The t-shirts for this year’s annual Mensa convention read, “Wicked Smaht” and that described the attendees perfectly.
The annual Mensa convention, “Brilliance in Beantown,” took place July 2-6.
Mensa, according to their website, has 110,000 members and is “the high IQ society that provides a forum for intellectual exchange among its members. There are members in more than 100 countries around the world.”
To get in, you need to score within the upper 2 percent of people taking the Mensa admission test.
Only Mensa members were allowed to attend the gathering, but Boston.com went behind the scenes into the world usually occupied only by geniuses. And you know what? It wasn’t as strange as you might think.
“I met my spouse through Mensa at the second event I ever attended,” said Nancy Farrar, 59, from Montgomery Village, Maryland. Farrar has a bachelors degree from the University of North Texas and a masters in business administration from UCLA.
Farrar mentioned that she “loves” Mensa for the friends she has made and for the social interactions.
Geniuses being social? You bet. And to all of you who bullied “the nerds” back in the day, maybe you just weren’t getting their jokes.
“Mensa comes from an old Latin root,” said Richard Lederer, a Mensa member who was sitting behind a table of books he had written and was selling. “It means he who got beat up in high school.”
Lederer, who was speaking at the conference later in the day, says he has written more than 40 books. He’s also a columnist for the Mensa newsletter and a former teacher. He has a bachelors degree from Haverford College, a degree from the Harvard School of Education and has a doctorate in linguistics from the University of New Hampshire.
And speaking of wow: “’Wow’ is a palindrome. Flip it and you get ‘mom,’” Lederer said.
His wife was a Mensan, so he wanted to take the test and join too, and said he felt tension during the five weeks it took him to find out if he made the cut.
“I like to be around people who have the same little mice on the treadmill as me,” he said. “It’s a social club.”
And it’s not just a club for adults.
Kimberly Barnhart, 45, and her 10-year-old twin boys, Trace and Jack, are all members of Mensa. Her sons joined first and she followed.
“My children were having difficulty in school,” Barnhart said. “They were just underchallenged.”
Her boys used their elementary school tests scores to get into Mensa, and she was able to use her scores from grade school as well.
According to the US Mensa website, there are two ways to get into this group:
1. “If you’re age 14 or older, you can take a supervised, standardized test in your area with one of our certified member volunteers.”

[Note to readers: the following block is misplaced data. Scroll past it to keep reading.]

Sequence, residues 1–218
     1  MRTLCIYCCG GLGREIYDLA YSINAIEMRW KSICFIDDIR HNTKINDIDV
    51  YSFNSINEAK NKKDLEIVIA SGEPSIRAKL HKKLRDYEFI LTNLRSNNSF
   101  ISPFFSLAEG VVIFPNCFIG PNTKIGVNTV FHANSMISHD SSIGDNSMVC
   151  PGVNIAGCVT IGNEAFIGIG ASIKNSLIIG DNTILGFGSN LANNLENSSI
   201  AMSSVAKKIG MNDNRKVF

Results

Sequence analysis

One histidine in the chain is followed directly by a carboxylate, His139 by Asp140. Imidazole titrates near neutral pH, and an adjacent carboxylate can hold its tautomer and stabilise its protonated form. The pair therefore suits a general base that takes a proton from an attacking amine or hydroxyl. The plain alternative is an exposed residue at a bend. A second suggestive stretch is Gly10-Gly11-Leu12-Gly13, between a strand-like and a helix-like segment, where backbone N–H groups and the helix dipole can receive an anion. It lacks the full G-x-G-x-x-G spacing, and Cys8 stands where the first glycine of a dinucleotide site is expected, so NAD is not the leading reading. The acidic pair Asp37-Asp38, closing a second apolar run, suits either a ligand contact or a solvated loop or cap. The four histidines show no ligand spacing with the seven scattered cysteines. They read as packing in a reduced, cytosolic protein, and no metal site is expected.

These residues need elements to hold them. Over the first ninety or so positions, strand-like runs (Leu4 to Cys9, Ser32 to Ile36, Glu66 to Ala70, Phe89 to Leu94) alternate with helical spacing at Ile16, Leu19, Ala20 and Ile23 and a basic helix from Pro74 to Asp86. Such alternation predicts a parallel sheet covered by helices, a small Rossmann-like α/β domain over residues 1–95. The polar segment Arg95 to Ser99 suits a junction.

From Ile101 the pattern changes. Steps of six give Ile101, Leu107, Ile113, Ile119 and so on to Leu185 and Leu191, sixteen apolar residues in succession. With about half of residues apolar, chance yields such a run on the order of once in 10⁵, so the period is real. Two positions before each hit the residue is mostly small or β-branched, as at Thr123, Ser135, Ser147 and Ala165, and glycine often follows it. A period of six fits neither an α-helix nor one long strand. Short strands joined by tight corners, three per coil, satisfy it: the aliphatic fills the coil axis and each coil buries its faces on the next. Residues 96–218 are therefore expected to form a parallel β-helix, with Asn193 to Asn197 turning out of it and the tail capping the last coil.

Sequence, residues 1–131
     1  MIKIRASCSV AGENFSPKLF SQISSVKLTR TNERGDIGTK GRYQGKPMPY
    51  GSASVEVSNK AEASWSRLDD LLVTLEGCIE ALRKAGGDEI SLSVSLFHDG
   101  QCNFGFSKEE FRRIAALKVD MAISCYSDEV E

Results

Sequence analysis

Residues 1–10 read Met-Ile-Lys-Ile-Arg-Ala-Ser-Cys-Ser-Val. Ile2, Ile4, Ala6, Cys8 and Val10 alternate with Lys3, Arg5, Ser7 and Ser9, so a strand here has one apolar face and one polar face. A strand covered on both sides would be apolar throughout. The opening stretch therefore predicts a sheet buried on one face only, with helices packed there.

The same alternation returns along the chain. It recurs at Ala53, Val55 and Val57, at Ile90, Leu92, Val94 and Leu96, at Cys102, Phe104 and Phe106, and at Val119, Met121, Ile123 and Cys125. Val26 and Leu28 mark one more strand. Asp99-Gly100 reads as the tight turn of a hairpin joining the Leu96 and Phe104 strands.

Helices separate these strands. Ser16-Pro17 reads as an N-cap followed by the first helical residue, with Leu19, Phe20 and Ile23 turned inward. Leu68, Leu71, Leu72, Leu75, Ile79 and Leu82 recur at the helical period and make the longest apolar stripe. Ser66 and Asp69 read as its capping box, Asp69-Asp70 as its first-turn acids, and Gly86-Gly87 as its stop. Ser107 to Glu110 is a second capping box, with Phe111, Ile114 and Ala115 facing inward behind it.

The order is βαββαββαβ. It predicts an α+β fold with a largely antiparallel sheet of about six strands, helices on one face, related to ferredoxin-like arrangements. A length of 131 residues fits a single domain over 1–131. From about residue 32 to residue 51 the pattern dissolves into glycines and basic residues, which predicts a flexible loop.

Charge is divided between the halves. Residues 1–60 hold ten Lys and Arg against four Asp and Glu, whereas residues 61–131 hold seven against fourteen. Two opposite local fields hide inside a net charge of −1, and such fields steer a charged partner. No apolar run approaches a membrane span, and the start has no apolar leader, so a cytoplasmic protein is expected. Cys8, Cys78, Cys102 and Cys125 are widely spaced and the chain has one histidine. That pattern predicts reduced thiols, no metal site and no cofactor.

2. “And anyone can submit evidence of prior testing in the form of scores from a supervised, standardized test like the Stanford Binet, the Miller Analogies Test or the GMAT.”
Barnhart said she and her two boys attend lots of local Mensa events where they have made friends and can spend time with “people who think similarly.”
Trace and Jack Barnhart both like math and physics. Trace aspires to become a “rollercoaster engineer” and Jack has plans to become a chef or a “rollercoaster designer.” (They talk about opening up their own theme park and said they can’t decide whether they would cook their own food or just tell someone else what to make. They have some time to figure that out.)
Trace and Jack can also recite 50—yes 50—digits of pi. (Or at least they claim they can. Fact checking was not possible because of the speed at which they spoke.)
Kimberly Barnhart, who can recite 30 herself, said they learned it from a YouTube video that puts the numbers to a song. The chant is, she said, is “infectious.”
Clearly, Mensans get other Mensans.
The local Mensa chapter has about 1,200 members who reside in an area spanning from east of Springfield to the Cape. Ed Meyer, Boston Mensa’s Chairman, said that he had two personal reasons for joining Mensa: to be with people who think similarly and to be with people who understand his jokes.
Meyer has been in Mensa since 1968 when his wife showed him an article about the organization. He could have been admitted on ‘prior evidence,’ but he thought it would take too long to get his old test scores. Instead, he took the Mensa administered test and passed.
Meyer doesn’t boast his Mensa status and many people do not know his genius status.
“We are not any better than anyone else,” he said. “There is no need to tell anyone.”
Meyer said this year has been “outstanding” and that it “looks like it is the largest event in Mensa history.” There were over 2,200 people there and counting.
Next year’s Mensa event will take place in Louisville, Kentucky.